Playbill On-Line's own Louis Botto will be given the Broadway Theatre Institute's 1997 award for Outstanding Achievement in Theatre History Preservation, and Gwen Verdon is to be given the BTI award for Lifetime Achievement in Theatre. The awards will be presented at the Broadway Grill in New York's Crowne Plaza Hotel on Monday, Dec. 8.
In a career that has spanned more than 40 years, Verdon has been honored with four Tony Awards -- for Can Can (1954), Damn Yankees (1956), New Girl in Town (1958) and Redhead (1959).
Senior Editor of Playbill On-Line, Botto is also the author of the historical volume, "At This Theatre" (Dodd Mead, 1984) outlining the history of each Broadway theatre. Excerpts from the book are among the most popular features of the Playbill theatre programs. Botto also writes features and quizzes for Playbill On-Line, and contributes deep historical perspective throughout the service. He'll receive the Institute's award Nov. 17 at the newly redesigned Broadway Grill in Manhattan's Crowne Plaza Hotel.
Botto, 73, saw his first Broadway show in 1937 and contributed sketches and lyrics to Maggie Smith's first Broadway show, New Faces Of 1956, as well as to revues by Ben Bagley and Julius Monk. In 1951, he wrote a play about Jean and Walter Kerr, The Hues Of The Opal, which won the Johns Hopkins Playwriting Award.
Botto said, "Nineteen years ago I came to Playbill as an associate editor, although I was writing freelance here since 1971. Before that I was at Look magazine as senior editor from 1961-71, specializing in theatrical articles." Folks who know mild-mannered, dapper Botto might be surprised, however, at his gig before Look:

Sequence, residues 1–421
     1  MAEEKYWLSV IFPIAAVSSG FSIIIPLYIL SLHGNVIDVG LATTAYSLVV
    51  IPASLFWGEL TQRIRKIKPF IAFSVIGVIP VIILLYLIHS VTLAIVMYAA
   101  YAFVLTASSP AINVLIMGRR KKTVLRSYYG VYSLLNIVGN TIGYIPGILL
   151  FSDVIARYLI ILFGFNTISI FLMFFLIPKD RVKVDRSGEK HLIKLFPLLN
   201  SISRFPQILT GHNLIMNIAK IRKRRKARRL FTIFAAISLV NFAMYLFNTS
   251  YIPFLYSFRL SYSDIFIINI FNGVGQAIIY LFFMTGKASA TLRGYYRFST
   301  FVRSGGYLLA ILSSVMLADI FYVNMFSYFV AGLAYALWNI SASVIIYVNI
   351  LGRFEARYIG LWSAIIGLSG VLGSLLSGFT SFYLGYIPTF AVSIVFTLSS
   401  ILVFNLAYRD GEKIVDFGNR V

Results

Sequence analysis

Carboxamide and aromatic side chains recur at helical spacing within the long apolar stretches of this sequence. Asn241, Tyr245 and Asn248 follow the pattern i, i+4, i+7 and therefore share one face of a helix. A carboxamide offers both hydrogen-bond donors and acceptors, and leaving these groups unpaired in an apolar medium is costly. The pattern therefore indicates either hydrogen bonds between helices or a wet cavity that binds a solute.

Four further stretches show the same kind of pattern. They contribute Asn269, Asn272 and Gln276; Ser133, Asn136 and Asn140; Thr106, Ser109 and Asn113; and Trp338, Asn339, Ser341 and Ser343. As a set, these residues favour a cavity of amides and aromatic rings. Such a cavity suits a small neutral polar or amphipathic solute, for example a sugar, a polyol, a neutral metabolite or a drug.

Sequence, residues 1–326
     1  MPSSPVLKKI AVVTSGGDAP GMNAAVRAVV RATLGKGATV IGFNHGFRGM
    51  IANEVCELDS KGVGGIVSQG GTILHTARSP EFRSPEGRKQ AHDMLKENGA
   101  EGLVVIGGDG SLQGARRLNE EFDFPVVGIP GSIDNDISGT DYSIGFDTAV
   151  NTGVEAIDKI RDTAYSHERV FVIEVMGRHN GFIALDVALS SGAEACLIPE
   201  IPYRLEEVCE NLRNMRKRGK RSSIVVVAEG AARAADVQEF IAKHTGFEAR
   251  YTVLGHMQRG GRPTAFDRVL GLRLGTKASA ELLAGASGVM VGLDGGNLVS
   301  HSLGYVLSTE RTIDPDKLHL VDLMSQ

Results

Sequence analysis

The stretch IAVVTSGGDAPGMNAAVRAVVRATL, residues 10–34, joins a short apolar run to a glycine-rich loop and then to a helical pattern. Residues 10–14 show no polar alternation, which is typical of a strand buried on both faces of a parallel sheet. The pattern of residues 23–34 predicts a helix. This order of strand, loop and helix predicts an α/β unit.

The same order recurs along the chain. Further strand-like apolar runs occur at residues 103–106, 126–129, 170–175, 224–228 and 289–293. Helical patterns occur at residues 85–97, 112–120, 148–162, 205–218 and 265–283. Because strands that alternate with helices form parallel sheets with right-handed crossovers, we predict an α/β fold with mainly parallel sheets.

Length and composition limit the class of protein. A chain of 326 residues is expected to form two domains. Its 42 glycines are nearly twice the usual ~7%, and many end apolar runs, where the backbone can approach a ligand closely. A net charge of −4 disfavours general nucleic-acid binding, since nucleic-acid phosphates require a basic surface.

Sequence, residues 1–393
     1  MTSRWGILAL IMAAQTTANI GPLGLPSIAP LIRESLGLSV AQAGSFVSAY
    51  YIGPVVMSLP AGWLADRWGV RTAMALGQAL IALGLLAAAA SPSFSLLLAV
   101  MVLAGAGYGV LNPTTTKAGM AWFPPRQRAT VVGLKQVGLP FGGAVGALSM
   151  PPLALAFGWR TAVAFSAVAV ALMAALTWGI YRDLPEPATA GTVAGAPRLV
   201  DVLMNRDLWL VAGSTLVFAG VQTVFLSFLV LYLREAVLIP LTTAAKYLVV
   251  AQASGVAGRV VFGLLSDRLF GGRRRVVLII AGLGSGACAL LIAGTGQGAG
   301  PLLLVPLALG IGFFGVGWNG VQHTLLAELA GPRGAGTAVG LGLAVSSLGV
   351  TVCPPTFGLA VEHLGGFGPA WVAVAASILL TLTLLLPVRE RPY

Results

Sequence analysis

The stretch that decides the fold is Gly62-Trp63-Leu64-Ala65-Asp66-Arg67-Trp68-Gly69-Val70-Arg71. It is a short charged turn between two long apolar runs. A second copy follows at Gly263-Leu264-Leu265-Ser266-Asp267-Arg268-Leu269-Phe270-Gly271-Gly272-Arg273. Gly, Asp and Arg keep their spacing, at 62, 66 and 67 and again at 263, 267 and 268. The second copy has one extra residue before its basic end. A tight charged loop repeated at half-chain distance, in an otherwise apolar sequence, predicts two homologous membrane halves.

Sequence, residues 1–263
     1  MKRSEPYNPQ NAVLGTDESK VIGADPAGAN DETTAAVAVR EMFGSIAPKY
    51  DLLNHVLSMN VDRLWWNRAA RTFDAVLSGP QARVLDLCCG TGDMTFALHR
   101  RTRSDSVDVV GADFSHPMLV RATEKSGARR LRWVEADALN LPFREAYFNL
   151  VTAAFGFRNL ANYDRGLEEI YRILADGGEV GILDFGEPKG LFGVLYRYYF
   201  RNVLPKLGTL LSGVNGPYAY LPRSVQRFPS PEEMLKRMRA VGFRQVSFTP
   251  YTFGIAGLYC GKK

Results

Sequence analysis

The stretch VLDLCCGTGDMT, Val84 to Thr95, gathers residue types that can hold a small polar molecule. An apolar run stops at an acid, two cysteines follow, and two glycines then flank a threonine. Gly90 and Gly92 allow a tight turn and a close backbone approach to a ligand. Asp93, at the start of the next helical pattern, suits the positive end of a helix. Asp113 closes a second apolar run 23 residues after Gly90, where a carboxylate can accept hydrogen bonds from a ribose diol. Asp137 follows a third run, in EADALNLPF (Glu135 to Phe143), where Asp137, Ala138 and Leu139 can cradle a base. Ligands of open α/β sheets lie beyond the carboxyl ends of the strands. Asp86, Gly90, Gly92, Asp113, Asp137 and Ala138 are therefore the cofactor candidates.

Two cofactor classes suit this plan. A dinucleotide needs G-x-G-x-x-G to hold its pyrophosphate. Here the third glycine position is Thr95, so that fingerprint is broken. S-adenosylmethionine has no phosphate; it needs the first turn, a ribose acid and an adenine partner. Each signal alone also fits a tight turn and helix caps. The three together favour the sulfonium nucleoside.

"I was an industrial spy for Willmark Services. I had to check into hotels - from the best to the worst in Manhattan -- under an assumed name and write a 50-page report on everything, from food to service to housekeeping. Sometimes I would forget what my name was that week. One time I checked my valuables, and I could not remember what my name was. It turned out to be Lafcadio Brundage (it always had to be "LB" because I had those initials on my laundry). Another one was Ludwig Bauman."
Botto also had more theatrical duties at Look, which would send him out of town to see whether Broadway-bound shows were worth covering. Everyone I picked was a hit except for one, The Selling Of The President, which came to the Shubert."
Botto was an active theatrical presence back then, but he's hardly slowed down over the years. As Playbill's senior editor, Botto is responsible for keeping up his "At This Theatre" column, as well as the Passing Stages and subscription issue's Now Playing On Broadway columns. Adds Botto, "Also I'm co-host of the George Spelvin luncheons at the Algonquin. That's where casts from shows are invited, as are some of our advertisers, who get to ask questions of the stars. I then write a newsletter about the luncheon, complete with photos from the event."
Botto was also, all-too-briefly, the drama critic for WNBC-TV Channel 4, replacing Edwin Newman in 1971. "It was a hard job, because back then you didn't go to previews, and I was always worried about getting a cab to get to the station in time. Anyway, they fired me after three months -- because I liked too many shows!"
The Broadway Theatre Institute Awards will be presented on Dec. 8 from 6-8 PM. For information, call (212) 956-5481.
-- By David Lefkowitz